“An RSS feed? That’s so 2007!”
“Well then what do you suggest instead?”
“Everyone gets their updates through their Facebook feeds these days! Just make a Facebook page!”
“That sounds great! Then half of my subscribers will see half of my updates, during weeks in which Zuckerberg chooses to weigh the algorithms more towards news and less towards friends’ photos. Also everyone has to have a Facebook account.”
“Yeah, okay, point made. Twitter is better anyway: it’s totally public, doesn’t force people to sign in to see feeds, and its feeds aren’t subject to algorithmic manipulation.”
“Wonderful! With Twitter, people can keep up with updates interspersed with cat photos, stolen jokes, retweeted jokes and celebrities’ political opinions! Subscribers to multiple sites can enjoy the user-friendliness of having them all mushed up together, or having to laboriously visit each outlet’s page to see new updates they missed in the firehose of minutiae!”
“Anyone who wants to do that can use Twitter lists!”
“Provided Twitter’s not A/B testing their site/app with an excitingly new and different way to hide that feature.”
“Twitter works as an auxiliary promotion medium, but I wouldn’t want it to be my main distribution platform. That would be like if magazine subscriptions were delivered by hiding them in junk mail.”
“Hey! I’ve got an idea, let’s go old-school.”
“Let’s make… an email newsletter! And we can get people to sign up with one of those modal popups! They really drive up engagement you know!”
“Implying the world doesn’t already have enough spam email.”
“But it’ll work! Everyone has email, and most people these days even get real-time notifications on their devices when they receive emails! There’s no way updates can be algorithmically manipulated, because there’s no algorithm, and with email, updates can’t get lost in the noise!”
“Things won’t get lost in the noise? I’d like to have your inbox. Regardless, this solution is little better than Twitter or Facebook. People get lots of emails for lots of reasons. Most of my inbox is worthless marketing spam punishing me for forgetting to uncheck some ‘I’d like to receive updates about this service’ checkbox hidden away at the bottom of a registration form. Without tonnes of mail rules that I am far too lazy to set up, email newsletters – even ones I value – would get completely lost before I could read them.”
“Damn. If only there was some system which allowed you to follow updates to blogs and websites you care about in a manner that ensured you never missed an update, could find new updates at a glance, and didn’t have to wade through masses of noise to do so. …Hey, this would be a great idea for a startup!”
“I think you’ll find it’s already been done.”
“Really? Who by? Why didn’t you mention this earlier?”
“It’s this really cool open standard called Really Simple Syndication, or RSS for short. It’s already integrated into major blogging platforms such as Wordpress and Blogger and most static site generators, and is supported by all major news sites that haven’t completely revamped their websites in the past couple of years. All you have to do to support it in your own site is produce an XML document of recent posts conforming to the simple schema.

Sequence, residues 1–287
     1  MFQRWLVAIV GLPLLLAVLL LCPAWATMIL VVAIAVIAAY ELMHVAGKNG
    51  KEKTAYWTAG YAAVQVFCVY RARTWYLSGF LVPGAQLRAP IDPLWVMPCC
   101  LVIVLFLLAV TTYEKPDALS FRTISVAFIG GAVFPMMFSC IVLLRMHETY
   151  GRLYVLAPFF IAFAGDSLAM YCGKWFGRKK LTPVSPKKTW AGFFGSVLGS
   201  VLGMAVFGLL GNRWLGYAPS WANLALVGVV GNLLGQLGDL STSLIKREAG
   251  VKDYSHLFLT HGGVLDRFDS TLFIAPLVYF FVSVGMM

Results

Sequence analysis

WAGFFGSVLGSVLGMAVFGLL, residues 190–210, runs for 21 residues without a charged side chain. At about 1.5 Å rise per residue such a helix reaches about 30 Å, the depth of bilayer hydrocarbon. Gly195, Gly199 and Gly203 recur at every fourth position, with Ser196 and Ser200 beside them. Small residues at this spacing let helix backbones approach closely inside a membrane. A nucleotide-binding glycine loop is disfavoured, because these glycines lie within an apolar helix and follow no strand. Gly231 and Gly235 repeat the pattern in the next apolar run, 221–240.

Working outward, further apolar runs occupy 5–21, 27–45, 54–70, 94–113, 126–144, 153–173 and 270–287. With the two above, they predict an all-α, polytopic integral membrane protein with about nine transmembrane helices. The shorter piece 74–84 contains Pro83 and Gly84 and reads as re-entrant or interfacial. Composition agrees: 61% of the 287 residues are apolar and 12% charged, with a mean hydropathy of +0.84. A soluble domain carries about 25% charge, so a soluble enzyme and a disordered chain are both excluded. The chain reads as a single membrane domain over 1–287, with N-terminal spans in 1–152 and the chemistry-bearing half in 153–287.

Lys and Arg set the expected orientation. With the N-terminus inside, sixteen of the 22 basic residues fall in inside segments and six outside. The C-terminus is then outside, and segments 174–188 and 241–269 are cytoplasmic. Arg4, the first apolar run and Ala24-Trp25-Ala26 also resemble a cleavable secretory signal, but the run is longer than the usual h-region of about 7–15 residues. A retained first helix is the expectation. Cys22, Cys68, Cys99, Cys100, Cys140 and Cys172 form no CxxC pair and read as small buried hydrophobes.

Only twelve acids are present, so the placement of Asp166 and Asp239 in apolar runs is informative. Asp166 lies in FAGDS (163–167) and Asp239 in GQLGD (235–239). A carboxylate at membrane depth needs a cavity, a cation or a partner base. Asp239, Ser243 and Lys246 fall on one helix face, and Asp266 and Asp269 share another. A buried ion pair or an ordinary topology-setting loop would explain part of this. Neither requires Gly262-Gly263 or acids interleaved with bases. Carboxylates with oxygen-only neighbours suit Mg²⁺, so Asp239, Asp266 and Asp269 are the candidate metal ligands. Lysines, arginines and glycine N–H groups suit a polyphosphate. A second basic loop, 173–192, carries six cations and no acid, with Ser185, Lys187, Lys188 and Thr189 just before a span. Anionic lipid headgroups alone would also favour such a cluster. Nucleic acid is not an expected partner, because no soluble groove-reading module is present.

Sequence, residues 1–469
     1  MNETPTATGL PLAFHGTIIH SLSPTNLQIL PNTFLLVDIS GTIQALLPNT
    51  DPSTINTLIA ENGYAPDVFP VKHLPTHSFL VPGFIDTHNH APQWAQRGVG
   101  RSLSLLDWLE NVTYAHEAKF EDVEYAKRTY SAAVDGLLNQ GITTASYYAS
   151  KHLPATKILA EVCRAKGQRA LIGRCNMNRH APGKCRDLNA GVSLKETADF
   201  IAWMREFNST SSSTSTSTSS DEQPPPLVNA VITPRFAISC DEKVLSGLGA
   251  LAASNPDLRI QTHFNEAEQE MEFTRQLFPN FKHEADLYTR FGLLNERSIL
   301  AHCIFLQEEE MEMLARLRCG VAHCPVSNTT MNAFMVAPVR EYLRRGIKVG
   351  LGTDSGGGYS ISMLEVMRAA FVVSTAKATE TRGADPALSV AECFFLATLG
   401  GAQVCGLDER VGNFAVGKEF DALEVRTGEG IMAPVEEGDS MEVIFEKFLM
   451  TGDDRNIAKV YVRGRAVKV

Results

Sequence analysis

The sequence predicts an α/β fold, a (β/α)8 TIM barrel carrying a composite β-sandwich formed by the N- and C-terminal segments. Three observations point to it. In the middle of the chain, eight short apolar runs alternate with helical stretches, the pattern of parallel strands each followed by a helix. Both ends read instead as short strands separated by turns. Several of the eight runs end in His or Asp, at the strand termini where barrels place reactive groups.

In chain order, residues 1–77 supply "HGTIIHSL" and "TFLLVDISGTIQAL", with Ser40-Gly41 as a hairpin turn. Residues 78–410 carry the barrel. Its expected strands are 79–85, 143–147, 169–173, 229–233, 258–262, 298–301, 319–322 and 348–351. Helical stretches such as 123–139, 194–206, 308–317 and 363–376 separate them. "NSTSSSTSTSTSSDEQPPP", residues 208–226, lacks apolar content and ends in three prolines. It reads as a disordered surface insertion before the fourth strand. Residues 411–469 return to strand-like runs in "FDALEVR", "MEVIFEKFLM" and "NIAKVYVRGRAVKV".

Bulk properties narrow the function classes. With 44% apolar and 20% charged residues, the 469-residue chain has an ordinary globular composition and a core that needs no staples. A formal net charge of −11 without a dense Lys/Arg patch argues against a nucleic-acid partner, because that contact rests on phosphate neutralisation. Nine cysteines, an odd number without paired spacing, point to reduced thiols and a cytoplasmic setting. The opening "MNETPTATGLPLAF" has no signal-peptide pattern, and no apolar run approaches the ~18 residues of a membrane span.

“Despite the untimely demise of Google Reader, RSS feeds can still be followed, monitored and aggregated by individuals using a wide range of slick and modern cloud applications including Inoreader, Feedly and The Old Reader – all of which allow you to aggregate your feeds in powerful ways while never missing an update.
“It’s also trivial to write code or use services like If This Then That to automatically update things like Facebook and Twitter with new content. And because RSS is a simple, open standard, it’s not going to suddenly shut down or go out of business and immediately stop existing.”
“But, but, XML is gross! RSS is dead! 2007!”
“Yes, the technology is dated, but it remains the best at what it does and isn’t closed source or tied to some Silicon Valley company. It still works, is widely supported and does what it does better than any alternative that’s come out since. Sometimes, newer isn’t better. Sometimes the problem has already been solved. No blog or news website should be too new or too minimal to support RSS.”
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This article made the top of Hacker News on 2017-11-11 and generated quite a bit of discussion. I want to address a couple of the points brought up repeatedly there and elsewhere:
The RSS/Atom debate. When I say RSS, I mean RSS or Atom feeds – they’re fairly similar. This very site uses an Atom feed rather than an RSS feed. I like to use the term RSS because people will instantly know it’s Really Simple Syndication, whereas a post entitled “Atom: there’s nothing better” would have attracted a comments section full of people saying “Haha, thought you meant the Github text editor!” (plus a couple of downvoted anti-Electron screeds). Atom may be the superior spec, but it’s definitely the inferior name.
What about jsonfeed? I’m aware of jsonfeed in a cursory sort of way, but I don’t think it does enough better than RSS/Atom to be worth switching to. Being a very new standard, it also doesn’t have the widespread support that makes RSS/Atom as great as it is. I also don’t feel that JSON is a good format for dealing with lots of complicated body text – the escaping gets nasty.